By Joe Walker firstname.lastname@example.org
Hourly workers at the Paducah Gaseous Diffusion Plant and its sister plant near Portsmouth, Ohio, have balked at talks between their international union leaders and USEC Inc. senior managers regarding a deal to help employees after one of the plants closes.
In a letter last week to workers, officers of the plants' atomic workers' union locals accused USEC Chief Executive Officer William "Nick" Timbers of misleading the work force and Congress about requirements to keep both plants open. Amid the company's financial trouble, the USEC board, which meets Wednesday, is expected to decide to close one of the plants.
"We would make a deal with USEC (officials) only if they had something real to offer," the letter said. It explained that much of what Timbers has agreed to do to protect workers already is built into contracts and legislation that allowed USEC to be privatized.
"We are not giving up on our jobs or agreeing that we should allow a plant to close until after we have exhausted every effort to get the Energy Department and Congress to deal with the problem," the letter said.
James "Kip" Phillips, vice president of the Nashville, Tenn.-based Paper, Allied-Industrial, Chemical and Energy Workers International Union, said Monday that the discussions with USEC have ceased because of the locals' views.
"There will not be negotiations, an agreement or anything else without the support and ratifications of the locals," Phillips said. "They seem to have no interest in it at all, and that's where it sits."
The letter summarizes a June 7 meeting in Louisville by the local committees with top PACE officials, including Phillips and Boyd Young, president of the 13,200-member union. It says Young had held a series of meetings during the past month with USEC senior managers to negotiate "a partnership" modeled after the Saturn plant agreement between General Motors and the United Auto Workers.
"President Young said that USEC will announce a plant closing after its board of directors' meeting (Wednesday)," the letter said. "He said that USEC will announce which plant will close at that time."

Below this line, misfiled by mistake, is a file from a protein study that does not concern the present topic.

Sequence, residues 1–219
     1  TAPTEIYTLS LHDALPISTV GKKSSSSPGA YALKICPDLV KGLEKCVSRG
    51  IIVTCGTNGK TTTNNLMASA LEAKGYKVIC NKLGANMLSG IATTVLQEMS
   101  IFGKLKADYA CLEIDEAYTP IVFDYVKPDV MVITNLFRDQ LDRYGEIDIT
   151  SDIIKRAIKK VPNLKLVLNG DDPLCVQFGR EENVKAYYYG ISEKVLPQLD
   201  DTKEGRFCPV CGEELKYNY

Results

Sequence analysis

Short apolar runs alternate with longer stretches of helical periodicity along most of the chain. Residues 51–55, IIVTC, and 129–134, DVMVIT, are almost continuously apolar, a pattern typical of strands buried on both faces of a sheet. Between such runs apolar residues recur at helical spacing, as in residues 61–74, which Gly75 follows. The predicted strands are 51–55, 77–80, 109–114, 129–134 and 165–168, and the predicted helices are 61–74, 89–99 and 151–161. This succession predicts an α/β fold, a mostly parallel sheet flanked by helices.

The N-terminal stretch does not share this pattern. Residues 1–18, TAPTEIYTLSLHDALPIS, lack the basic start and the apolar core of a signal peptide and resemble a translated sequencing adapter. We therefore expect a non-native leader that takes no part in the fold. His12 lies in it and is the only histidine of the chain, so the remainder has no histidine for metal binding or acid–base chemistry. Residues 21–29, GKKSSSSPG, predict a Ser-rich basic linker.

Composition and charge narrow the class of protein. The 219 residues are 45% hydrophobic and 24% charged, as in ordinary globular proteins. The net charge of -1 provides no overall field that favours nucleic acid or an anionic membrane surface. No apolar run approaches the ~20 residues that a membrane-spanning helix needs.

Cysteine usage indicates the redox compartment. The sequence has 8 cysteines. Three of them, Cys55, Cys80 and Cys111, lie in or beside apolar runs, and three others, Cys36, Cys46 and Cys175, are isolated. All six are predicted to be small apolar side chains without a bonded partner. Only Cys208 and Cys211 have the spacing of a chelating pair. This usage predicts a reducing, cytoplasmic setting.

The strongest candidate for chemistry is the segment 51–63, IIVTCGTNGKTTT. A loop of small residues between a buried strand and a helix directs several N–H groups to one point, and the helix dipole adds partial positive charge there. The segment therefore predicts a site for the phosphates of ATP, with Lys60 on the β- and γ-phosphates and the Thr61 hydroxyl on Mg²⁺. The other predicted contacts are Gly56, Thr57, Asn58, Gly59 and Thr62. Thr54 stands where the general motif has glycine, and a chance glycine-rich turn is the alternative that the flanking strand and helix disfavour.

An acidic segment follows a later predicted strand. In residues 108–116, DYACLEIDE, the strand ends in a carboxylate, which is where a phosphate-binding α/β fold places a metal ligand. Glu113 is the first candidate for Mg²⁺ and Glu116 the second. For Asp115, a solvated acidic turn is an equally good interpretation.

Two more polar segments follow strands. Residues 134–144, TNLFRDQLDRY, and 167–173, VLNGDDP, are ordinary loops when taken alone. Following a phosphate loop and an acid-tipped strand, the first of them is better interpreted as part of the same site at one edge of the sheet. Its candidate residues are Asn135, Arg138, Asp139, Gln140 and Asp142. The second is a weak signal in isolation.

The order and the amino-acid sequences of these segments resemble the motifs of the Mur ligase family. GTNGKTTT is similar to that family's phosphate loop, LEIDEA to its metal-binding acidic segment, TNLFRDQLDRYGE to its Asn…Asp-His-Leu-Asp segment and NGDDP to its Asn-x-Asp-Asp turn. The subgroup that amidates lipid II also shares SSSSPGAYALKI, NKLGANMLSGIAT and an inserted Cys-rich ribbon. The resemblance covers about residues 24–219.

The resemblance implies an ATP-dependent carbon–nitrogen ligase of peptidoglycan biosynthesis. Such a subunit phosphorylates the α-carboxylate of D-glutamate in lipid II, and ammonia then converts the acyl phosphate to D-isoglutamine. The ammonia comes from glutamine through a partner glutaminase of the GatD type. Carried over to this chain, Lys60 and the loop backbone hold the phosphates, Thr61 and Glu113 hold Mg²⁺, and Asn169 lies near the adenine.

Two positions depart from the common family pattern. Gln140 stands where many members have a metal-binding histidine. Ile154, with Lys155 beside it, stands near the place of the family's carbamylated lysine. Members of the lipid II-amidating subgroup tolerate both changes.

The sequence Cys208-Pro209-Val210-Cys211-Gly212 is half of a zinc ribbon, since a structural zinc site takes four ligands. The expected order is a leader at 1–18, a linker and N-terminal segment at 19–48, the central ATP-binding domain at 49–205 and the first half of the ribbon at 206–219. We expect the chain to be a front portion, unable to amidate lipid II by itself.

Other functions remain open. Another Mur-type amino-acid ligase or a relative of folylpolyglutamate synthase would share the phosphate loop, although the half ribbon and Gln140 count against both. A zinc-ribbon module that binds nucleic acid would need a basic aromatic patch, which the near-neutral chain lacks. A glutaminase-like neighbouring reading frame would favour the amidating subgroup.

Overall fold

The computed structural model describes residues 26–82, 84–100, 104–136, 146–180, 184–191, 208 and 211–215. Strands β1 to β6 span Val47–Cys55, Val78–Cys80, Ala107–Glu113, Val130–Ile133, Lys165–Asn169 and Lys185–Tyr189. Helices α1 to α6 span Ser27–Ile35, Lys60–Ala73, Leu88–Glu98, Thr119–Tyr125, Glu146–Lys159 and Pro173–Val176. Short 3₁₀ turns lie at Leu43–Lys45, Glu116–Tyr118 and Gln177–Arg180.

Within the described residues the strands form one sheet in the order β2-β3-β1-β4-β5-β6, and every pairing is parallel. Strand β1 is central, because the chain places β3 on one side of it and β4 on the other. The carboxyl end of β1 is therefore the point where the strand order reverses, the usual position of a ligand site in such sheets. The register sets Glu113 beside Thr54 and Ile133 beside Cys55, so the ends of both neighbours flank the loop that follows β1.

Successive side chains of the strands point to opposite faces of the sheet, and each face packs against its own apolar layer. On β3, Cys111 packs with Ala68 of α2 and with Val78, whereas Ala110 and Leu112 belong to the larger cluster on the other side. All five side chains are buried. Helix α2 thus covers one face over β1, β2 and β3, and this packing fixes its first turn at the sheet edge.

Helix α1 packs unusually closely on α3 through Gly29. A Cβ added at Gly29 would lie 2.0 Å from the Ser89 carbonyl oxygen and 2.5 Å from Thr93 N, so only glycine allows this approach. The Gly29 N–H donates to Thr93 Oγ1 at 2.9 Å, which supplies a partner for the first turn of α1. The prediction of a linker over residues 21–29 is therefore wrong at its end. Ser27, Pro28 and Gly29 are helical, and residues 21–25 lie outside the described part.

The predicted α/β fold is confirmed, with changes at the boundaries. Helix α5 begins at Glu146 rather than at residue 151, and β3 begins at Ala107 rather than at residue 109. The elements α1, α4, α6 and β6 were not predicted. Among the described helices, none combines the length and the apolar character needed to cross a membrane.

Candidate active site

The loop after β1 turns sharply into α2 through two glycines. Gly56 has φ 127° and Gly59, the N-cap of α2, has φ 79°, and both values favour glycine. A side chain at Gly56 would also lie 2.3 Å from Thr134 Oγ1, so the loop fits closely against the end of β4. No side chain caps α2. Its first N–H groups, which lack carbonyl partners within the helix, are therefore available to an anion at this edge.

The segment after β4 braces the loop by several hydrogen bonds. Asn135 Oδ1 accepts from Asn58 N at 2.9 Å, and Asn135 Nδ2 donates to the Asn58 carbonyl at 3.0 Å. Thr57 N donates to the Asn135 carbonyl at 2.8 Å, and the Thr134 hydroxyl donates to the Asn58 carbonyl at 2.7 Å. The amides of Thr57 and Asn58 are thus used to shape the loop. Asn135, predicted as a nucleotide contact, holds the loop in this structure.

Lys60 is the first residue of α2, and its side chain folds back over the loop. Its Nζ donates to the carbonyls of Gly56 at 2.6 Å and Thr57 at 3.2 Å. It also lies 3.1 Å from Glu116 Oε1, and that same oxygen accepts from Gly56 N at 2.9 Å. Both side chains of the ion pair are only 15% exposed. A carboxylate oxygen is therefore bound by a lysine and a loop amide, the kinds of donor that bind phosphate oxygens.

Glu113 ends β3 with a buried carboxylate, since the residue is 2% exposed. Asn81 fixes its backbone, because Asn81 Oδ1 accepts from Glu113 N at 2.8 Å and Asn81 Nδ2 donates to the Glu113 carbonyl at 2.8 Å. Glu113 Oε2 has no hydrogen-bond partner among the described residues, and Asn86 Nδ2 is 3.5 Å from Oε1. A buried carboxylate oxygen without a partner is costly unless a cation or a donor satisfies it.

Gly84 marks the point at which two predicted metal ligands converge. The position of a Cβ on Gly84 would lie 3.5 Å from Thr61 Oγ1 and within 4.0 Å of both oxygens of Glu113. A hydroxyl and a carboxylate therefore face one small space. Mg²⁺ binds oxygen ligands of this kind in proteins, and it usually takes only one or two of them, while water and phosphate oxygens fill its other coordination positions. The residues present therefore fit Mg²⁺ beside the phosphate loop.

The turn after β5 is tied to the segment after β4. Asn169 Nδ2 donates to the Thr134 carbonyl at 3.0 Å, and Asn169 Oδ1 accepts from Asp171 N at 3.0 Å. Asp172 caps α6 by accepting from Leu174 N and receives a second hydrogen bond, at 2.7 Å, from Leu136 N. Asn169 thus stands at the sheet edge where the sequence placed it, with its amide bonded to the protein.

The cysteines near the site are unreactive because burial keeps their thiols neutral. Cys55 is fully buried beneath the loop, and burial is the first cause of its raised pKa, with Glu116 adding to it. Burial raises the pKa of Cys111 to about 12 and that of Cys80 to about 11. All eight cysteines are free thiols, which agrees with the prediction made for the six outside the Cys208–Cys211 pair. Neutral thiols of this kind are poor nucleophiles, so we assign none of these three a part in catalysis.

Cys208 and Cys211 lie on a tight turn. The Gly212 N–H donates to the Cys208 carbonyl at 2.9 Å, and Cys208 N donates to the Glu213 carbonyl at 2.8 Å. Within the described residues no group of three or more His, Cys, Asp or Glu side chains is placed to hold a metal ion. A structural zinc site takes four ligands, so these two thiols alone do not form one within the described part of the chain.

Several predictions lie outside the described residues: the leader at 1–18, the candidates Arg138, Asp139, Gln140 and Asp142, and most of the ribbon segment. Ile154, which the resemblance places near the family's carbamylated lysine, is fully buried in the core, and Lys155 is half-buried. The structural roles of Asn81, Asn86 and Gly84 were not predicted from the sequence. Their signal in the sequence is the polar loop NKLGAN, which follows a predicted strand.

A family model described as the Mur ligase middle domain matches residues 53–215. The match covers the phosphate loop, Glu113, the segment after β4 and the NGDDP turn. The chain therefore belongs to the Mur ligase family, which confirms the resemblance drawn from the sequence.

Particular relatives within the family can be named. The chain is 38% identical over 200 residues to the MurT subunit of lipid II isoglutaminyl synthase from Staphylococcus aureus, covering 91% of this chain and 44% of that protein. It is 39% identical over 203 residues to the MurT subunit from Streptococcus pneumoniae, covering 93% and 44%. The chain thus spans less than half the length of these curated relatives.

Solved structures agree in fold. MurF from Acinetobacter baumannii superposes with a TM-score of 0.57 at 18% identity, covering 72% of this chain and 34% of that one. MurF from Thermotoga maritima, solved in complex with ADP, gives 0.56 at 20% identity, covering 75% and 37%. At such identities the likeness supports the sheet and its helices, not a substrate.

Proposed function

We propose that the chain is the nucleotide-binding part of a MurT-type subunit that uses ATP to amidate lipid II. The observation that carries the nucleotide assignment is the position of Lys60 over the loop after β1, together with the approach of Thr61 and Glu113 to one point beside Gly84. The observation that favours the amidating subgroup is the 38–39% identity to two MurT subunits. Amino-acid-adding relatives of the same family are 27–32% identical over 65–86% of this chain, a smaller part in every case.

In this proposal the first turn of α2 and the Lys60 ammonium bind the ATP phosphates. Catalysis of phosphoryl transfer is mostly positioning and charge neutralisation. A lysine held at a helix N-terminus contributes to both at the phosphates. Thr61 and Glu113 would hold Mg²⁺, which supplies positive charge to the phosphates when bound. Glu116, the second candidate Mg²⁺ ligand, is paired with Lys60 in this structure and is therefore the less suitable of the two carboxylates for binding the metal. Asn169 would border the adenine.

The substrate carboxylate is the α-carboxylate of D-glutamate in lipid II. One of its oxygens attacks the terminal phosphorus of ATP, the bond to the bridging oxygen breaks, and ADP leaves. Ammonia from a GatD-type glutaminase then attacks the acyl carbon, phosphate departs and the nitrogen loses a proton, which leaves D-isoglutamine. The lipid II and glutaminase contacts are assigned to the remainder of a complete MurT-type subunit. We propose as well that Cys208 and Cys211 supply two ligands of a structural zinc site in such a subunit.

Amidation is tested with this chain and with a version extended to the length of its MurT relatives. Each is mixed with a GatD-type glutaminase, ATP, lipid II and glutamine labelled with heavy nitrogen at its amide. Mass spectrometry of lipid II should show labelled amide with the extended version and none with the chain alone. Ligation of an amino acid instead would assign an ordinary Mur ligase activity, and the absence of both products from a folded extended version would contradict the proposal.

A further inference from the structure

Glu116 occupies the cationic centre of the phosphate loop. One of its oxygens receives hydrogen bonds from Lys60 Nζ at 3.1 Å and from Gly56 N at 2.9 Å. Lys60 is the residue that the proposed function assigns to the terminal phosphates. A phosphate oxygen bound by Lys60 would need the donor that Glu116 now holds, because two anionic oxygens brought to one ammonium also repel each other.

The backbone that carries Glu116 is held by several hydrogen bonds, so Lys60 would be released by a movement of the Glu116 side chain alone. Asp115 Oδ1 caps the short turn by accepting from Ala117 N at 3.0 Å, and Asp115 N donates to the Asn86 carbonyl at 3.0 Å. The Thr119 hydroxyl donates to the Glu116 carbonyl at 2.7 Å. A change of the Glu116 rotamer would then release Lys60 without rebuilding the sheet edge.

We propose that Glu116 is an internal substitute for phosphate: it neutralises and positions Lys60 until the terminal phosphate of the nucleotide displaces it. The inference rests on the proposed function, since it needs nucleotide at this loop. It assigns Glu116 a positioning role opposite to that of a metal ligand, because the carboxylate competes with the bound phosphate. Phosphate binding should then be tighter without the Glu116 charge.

Phillips said the letter "was not entirely accurate" in characterizing the USEC discussions as negotiations.
"There were no negotiations," he said. "It's accurate to say that USEC did approach us about the possibility of coming to an agreement with the union. We did meet with them, and there were discussions as to what they wanted and a lot of things we wanted."
David Fuller, president of the Paducah local, said he wrote the letter, signed by himself and other officers. He said the local disagrees with many of the ideas outlined in the letter.
"We're still trying to come to a consensus on a path forward," Fuller said. "There's absolutely no doubt that the international and the local have the best interests of the membership at heart."
According to the letter, the proposed agreement:
Requires union leadership to start immediately negotiating a closure agreement at the plant that will be shut down. The deal would include enhanced severance, and USEC expects workers to "waive their rights to sue" if they accept those perks.
Gives PACE workers hiring preference and union recognition for cleaning up and shutting down facilities at the plants if the Energy Department awards USEC that work.
Guarantees USEC will offer hiring some of the displaced workers at a gas centrifuge plant the firm is considering building, probably at Portsmouth. The offer includes a successorship agreement with PACE.
Says USEC will negotiate a "minimum staffing level" and extend the collective bargaining agreement at the plant that remains open. For the plant to be closed, there will be no more job cuts during the time that elapses until closure.
The letter concludes that USEC has broken promises to the government to keep the plants running and the cleanup work already is contained in "an especially solid" collective bargaining agreement.